The following graphic shows the timing and relationship between gasoline prices and recessionary events. From this figure, even the casual observer should see the connection between high fuel prices and economic damage.
My conclusion from this is that the higher, longer price spikes cause greater recessions, with a sort of trigger threshold near months-at-$2.50/gallon. The short, mild events have a lower trigger threshold, nearer 2.00-2.25/gallon for several weeks. Look at today's prices all around town. Why are you surprised the economy is taking so long to recover?
Whatever you draw from it, it should be quite clear that years of exposure to $3.00/gallon or higher causes us great damage, for that is exactly what preceded both the "Carter inflation years" and the current "Great Recession" event. (The two mild events were brief problems experienced about 1990 and 2000.)
Another point I'd like to make is that the "Carter inflation years" ended when fuel prices dropped, during Reagan's second term. So, it looks to me like "tax cuts for the rich" and "trickle-down economics" had nothing to do with that recovery. The politicians lied to us about that. (But why should that be surprising?)
The next graphic shows the connection between price spike-ups and world events. My thesis is that many of these price spike episodes are not due to "market" anything, but are deliberate acts perpetrated by those with the oil. I cannot account for everything with this thesis, but I can relate gasoline prices we experienced to troubles we had with the middle east for the four recessionary events identified here.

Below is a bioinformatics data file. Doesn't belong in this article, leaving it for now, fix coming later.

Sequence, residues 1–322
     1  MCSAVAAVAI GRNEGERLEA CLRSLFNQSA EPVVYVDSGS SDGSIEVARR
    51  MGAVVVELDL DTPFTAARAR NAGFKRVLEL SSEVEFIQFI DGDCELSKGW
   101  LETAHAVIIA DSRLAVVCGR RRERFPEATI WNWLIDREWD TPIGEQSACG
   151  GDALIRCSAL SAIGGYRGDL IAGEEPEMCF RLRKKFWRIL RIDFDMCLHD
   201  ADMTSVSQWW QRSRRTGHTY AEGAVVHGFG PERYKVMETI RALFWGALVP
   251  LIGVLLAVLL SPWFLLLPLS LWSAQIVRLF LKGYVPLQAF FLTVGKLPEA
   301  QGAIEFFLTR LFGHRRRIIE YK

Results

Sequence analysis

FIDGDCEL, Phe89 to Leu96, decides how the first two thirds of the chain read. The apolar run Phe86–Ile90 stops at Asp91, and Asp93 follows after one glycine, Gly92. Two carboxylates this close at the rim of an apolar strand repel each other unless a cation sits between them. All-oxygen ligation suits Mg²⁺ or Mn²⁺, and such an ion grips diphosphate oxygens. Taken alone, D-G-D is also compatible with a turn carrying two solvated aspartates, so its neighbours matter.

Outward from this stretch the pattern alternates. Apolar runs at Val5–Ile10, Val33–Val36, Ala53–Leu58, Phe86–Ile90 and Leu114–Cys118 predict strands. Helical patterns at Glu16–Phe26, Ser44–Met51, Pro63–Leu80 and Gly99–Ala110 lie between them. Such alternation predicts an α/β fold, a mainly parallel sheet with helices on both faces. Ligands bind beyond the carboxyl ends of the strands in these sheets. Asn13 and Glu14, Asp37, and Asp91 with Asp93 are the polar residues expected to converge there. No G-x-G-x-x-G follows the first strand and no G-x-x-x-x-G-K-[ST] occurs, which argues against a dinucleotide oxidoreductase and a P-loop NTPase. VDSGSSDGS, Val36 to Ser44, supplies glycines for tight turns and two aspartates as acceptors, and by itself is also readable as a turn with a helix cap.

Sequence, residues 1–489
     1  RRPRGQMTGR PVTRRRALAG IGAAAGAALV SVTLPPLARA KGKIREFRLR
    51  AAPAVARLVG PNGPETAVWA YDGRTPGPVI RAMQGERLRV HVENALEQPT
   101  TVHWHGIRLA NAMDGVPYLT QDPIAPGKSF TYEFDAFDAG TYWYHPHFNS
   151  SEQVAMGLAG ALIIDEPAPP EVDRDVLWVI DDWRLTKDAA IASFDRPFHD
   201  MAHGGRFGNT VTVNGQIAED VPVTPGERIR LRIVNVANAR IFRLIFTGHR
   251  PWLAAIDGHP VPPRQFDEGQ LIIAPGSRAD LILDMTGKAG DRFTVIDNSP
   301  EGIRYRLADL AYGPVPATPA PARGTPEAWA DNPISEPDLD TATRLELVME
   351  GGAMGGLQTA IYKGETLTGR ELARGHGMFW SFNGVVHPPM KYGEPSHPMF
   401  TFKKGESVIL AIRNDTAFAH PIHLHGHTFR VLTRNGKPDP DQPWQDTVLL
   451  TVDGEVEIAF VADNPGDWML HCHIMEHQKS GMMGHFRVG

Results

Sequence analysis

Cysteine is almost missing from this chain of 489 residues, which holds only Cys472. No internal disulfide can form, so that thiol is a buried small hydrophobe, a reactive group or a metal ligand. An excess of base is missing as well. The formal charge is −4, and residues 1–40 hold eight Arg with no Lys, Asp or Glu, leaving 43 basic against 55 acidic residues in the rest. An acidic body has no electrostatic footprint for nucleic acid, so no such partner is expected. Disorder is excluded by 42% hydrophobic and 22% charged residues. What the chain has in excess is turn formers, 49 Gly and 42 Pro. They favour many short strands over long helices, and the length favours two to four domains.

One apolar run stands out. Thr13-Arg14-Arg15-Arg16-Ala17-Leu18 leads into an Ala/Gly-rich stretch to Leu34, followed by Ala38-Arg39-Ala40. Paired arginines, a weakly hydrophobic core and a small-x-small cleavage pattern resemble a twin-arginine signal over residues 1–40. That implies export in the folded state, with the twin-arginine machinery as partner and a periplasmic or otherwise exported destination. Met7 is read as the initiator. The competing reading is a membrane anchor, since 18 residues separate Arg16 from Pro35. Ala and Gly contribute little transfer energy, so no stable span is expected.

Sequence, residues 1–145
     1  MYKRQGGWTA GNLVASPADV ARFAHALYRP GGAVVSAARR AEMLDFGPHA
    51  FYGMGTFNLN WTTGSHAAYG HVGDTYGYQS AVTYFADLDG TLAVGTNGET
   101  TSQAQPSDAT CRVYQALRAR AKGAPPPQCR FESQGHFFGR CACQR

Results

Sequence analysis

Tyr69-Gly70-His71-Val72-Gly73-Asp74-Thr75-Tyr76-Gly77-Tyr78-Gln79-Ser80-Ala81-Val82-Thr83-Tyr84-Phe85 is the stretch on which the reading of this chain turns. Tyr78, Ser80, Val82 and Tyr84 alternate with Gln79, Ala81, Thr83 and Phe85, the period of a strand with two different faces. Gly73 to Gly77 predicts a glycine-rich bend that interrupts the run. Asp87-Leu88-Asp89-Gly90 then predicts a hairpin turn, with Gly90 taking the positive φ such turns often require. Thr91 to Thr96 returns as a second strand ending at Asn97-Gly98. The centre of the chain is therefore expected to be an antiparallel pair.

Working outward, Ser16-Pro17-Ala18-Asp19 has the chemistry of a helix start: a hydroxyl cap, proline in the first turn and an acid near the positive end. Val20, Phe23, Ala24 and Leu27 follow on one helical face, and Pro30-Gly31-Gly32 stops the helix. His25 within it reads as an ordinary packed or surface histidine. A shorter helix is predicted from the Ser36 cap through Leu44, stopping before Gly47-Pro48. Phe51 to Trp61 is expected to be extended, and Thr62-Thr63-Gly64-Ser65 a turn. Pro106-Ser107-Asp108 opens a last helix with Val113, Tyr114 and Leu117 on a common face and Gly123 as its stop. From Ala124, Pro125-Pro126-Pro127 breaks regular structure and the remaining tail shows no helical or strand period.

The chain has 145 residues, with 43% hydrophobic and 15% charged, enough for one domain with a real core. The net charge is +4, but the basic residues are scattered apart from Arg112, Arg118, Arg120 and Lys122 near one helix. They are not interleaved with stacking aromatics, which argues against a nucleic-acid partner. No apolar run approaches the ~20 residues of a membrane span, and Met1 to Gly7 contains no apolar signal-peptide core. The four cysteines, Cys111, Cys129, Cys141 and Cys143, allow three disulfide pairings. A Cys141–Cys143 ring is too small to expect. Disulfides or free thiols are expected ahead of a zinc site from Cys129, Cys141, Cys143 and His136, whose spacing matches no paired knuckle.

Going back to the 1970's, we experienced in rapid succcession higher prices due to the "Arab oil embargo", and a further sustained price hike starting with the 1979 Iran hostage crisis. The 1973 embargo was retaliation by the middle eastern oil producers for US foreign policies they hated. We got "crossways" with Iran over the Shah, their revolution, the hostage crisis, and the Iran-Iraq war, all in the 1979-1988 time frame. They are about the 3rd largest crude oil producer in OPEC.
Not many folks know that we backed Iraq during the Iran-Iraq war of 1980-1988, but we did. Saddam Hussein was "our boy" against Iran. We gave him the poison gas bombs that he used in that war, and later against his own Kurds, so that he would not lose that war. Is it any surprise that Iran and OPEC maintained high prices all during that time?
Don't you kind of gather from this that those countries all really do understand the "oil price weapon" as an instrument of economic warfare, and how to use it against us?
Most folks also do not seem to understand that the various terrorist and religious-extremist groups that our troops fight now, are in fact the proxy armies and "favorite charities" of the middle eastern members of OPEC. We are, in point of fact, paying them to kill us, every time we fill our gasoline (or diesel, or jet fuel) tanks.
My best "guesstimate" is that about 25 cents of every fuel dollar finds its way to these groups. Terrorism and guerrilla warfare are expensive: those payrolls, travel expenses, training costs, and weapon costs have to come from somewhere. It should therefore be no surprise to anyone that fuel prices rise, anytime we or our allies seem to be winning in any of these wars.
We are currently winning in Helmand Province in Afghanistan, and our ally Pakistan has been "wiping the floor" with the Taliban in their border region. Gasoline several weeks ago around Waco was about $2.40/gallon. Now it is headed for $2.60/gallon. The industry analysts on the business page of the newspaper predict $3.00/gallon this summer, but cannot supply a coherent explanation as to why this is happening. I think I know why. After seeing these graphs, I hope you know, too.